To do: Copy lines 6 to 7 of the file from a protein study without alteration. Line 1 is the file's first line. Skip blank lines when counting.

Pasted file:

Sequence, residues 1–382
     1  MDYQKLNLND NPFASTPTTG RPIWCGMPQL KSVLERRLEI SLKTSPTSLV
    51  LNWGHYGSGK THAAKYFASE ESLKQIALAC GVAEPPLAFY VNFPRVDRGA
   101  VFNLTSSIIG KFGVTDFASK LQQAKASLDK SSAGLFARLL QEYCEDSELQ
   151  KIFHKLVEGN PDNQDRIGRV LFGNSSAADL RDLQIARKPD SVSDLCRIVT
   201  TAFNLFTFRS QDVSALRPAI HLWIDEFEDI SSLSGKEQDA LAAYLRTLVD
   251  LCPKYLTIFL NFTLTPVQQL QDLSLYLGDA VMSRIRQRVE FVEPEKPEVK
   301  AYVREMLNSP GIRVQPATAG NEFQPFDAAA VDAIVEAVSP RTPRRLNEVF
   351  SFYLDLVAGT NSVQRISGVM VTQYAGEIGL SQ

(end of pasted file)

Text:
   201  TAFNLFTFRS QDVSALRPAI HLWIDEFEDI SSLSGKEQDA LAAYLRTLVD
   251  LCPKYLTIFL NFTLTPVQQL QDLSLYLGDA VMSRIRQRVE FVEPEKPEVK